During adaptive immune responses, lymphocyte activation takes place in the germinal centers (GCs) of secondary lymphoid organs. Dissecting the populations that participate in the GC process is, by definition, difficult. In this issue of Blood, Jackson and colleagues report that a small percentage (10%) of human tonsil B cells expresses the CD45RO (RO+) surface phenotype and contains the highest mutation rate in the V-region genes. These cells are activated centrocytes that still contain transcripts for activation-induced cytidine deaminase (AID), albeit at reduced levels compared with RO− GC B cells.
Antibodies that are secreted by B lymphocytes upon activation by antigen via the B-cell receptor (BCR) mediate the individual's defense against extracellular pathogens. In T-cell–dependent responses, this process requires help from CD4 T cells whose cytokines determine the quality of the antibody response. Simultaneously, antibodies improve their affinity for antigen, a process known as affinity maturation, due to somatic hypermutation (SHM) in the antibody variable (V) region.1 Affinity maturation occurs late in the primary immune response and is the hallmark of memory B-cell responses. Both affinity maturation and class switch are controlled by AID.2
Surface expression of CD45 isoforms, a protein tyrosine phophatase present on all lymphocyte lineages, is commonly used to characterize T cells that can be subdivided into different subsets and stages of differentiation. Little information exists for B cells. Jackson and colleagues have taken a closer look at this issue by using a clever strategy in which the gate for CD45RA and CD45RO analysis of B lymphocytes in human tonsils was set on T cells from the same tissue source. Then they divided the total GC B-cell pool into separate subpopulations with distinctly different mutation averages, including pools that are enriched for either germ line or highly mutated V-region sequences. They found, as expected, great developmental heterogeneity among the GC B-cell pool, extending beyond the standard centroblast and centrocyte populations. Interestingly, RO+ fractions had both a greater percentage of cells with more mutations and a decreased number of unmutated germ-line sequences (see figure). Yet, unlike in RO-subdivided centrocytes, mutation averages did not differ between centroblast RO fractions. Thus, their work provides new insights into the somatic mutation process, both in terms of temporal and developmental regulation.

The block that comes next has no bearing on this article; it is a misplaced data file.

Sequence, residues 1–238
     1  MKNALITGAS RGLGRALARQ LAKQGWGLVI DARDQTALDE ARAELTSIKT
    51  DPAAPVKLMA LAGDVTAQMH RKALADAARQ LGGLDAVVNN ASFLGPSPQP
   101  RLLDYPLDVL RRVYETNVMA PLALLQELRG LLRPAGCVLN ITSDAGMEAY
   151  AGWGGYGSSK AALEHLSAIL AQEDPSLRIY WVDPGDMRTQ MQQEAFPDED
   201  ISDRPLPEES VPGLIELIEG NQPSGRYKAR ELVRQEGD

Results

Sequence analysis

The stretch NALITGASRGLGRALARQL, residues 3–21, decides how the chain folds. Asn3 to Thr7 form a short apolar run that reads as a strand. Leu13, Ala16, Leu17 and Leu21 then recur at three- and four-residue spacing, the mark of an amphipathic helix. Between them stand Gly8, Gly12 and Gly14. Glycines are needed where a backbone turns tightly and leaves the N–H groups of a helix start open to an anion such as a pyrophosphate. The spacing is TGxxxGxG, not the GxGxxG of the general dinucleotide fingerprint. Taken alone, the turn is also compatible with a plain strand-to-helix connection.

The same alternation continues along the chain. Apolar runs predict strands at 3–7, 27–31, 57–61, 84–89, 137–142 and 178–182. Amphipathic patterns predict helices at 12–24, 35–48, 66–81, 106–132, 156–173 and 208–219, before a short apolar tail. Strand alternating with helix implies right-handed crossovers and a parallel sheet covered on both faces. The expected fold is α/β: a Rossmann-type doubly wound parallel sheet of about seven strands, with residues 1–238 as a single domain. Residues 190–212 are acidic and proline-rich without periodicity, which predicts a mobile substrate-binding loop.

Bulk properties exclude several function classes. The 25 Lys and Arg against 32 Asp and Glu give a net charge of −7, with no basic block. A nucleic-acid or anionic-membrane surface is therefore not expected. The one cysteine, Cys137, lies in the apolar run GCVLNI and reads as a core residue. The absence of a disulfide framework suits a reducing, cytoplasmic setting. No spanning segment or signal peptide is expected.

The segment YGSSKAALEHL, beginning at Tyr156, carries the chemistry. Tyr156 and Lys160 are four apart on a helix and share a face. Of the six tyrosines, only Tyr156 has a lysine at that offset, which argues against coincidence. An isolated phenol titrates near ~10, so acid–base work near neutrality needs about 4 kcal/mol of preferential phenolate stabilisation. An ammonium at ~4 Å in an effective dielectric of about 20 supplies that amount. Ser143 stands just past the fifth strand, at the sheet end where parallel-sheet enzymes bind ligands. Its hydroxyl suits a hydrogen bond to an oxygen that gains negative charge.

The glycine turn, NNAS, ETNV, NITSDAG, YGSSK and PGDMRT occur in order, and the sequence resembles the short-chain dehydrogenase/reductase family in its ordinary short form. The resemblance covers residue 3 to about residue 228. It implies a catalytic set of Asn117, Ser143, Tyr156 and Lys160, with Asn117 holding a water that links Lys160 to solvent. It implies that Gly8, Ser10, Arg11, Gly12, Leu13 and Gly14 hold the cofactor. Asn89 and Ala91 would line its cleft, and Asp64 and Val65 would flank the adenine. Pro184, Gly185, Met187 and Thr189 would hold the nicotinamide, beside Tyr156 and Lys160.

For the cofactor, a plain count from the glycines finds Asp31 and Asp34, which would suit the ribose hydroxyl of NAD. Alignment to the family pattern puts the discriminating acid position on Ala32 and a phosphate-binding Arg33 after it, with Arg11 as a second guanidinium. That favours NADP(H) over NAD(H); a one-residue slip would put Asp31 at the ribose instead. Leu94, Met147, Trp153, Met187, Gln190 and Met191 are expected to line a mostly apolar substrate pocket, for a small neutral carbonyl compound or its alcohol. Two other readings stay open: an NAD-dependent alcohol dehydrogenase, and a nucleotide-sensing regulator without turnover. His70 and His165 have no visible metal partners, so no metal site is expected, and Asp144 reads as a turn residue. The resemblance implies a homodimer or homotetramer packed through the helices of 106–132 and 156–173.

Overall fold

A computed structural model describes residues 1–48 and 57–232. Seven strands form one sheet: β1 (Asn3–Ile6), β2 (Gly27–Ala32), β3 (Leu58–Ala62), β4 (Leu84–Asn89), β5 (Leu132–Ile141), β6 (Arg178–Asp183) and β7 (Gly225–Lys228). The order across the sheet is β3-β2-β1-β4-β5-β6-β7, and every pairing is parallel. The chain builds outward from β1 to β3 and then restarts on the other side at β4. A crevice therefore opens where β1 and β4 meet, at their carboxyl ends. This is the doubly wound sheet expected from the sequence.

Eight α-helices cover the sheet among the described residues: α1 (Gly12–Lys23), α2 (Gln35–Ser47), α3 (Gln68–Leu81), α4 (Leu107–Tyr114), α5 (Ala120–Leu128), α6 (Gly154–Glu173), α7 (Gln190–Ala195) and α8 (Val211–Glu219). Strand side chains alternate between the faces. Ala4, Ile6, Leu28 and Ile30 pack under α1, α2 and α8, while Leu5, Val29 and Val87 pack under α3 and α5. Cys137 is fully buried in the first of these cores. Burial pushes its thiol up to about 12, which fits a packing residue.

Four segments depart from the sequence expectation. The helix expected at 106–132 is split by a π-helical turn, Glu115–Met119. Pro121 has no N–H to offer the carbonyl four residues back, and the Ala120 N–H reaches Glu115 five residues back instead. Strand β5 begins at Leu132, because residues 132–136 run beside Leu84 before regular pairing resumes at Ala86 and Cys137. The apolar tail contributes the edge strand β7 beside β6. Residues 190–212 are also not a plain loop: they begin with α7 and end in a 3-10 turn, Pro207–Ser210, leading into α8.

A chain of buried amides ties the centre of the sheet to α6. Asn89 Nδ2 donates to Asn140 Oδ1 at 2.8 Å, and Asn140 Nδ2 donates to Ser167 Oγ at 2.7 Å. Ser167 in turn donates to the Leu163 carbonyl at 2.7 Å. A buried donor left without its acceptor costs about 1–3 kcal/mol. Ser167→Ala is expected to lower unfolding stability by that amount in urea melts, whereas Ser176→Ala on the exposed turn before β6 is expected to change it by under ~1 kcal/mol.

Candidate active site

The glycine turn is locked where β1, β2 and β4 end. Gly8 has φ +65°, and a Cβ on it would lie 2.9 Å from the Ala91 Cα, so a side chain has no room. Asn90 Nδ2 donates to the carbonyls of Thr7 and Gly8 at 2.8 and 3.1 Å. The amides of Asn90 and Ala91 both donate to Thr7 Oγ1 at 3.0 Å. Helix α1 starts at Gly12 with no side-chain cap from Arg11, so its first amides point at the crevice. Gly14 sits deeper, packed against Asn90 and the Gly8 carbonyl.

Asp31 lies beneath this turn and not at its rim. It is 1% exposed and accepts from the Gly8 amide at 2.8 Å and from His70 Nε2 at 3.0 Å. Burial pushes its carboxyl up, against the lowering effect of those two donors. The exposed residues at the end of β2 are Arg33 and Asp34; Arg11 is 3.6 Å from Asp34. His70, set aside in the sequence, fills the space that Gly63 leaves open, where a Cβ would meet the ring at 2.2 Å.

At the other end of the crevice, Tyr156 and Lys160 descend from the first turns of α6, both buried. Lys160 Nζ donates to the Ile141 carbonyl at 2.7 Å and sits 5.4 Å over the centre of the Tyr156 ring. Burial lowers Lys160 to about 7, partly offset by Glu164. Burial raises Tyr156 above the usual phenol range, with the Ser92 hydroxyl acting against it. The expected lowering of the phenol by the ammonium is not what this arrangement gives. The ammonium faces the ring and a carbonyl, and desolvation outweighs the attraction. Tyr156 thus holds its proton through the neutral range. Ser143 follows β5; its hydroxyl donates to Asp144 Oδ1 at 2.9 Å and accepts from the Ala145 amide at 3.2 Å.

What is the link between CD45RO on GC B cells and SHM? The new data underscore an important correlation, but no cause-effect relation was established. A recent report in mice with CD45 deficiency limited to B cells shows that GC maintenance, but not initiation, requires CD45.3 This implies that CD45 is not necessary for class-switch recombination, or in all likelihood, for the initiation of SHM. These studies argue, however, that CD45 is important for survival of GC B cells, hence for maintaining T-cell–dependent antibody responses. Thus, although a direct extrapolation from mouse to human dictates caution, the data gathered by Jackson and colleagues fit a scenario in which RO+ GC B cells are transitional cells with SHM. RO isoform expression may then underscore the stabilization of class-switch recombination and SHM, for which BCR signaling in concert with AID activation seem to be necessary.
An easy phenotypic grip on GC B cells with SHM, such as the RO+ phenotype, may provide us with a valuable new tool to better understand the seemingly contradictory nature of SHM. The consequences of altering (quasirandomly) the germ-line immunoglobulin V-region DNA sequence disclose at least 2 juxtaposed outcomes: (1) improved antibody affinity for cognate foreign antigen (presumably beneficial), and (2) the generation of new specificities that target “self” (presumably detrimental). Ineffective counterselection against self-recognizing B cells could ultimately lead to autoimmune disease and, in some cases, leukemic transformation.
The new phenotypic way to identify GC B cells transitioning through different stages of SHM could lead to practical advances. On the one hand, a controlled induction of SHM could be used to undo and silence specific disease-promoting replacement mutations that were incorporated and retained during the GC response. On the flip side, SHM could be temporarily inhibited during a strong antiviral response in individuals who are genetically predisposed to develop familial blood-related diseases such as systemic lupus erythematosus. Collectively, it appears as if we get closer to the day when disease control can be achieved by manipulating the GC process.
Conflict-of-interest disclosure: The author declares no competing financial interests. ■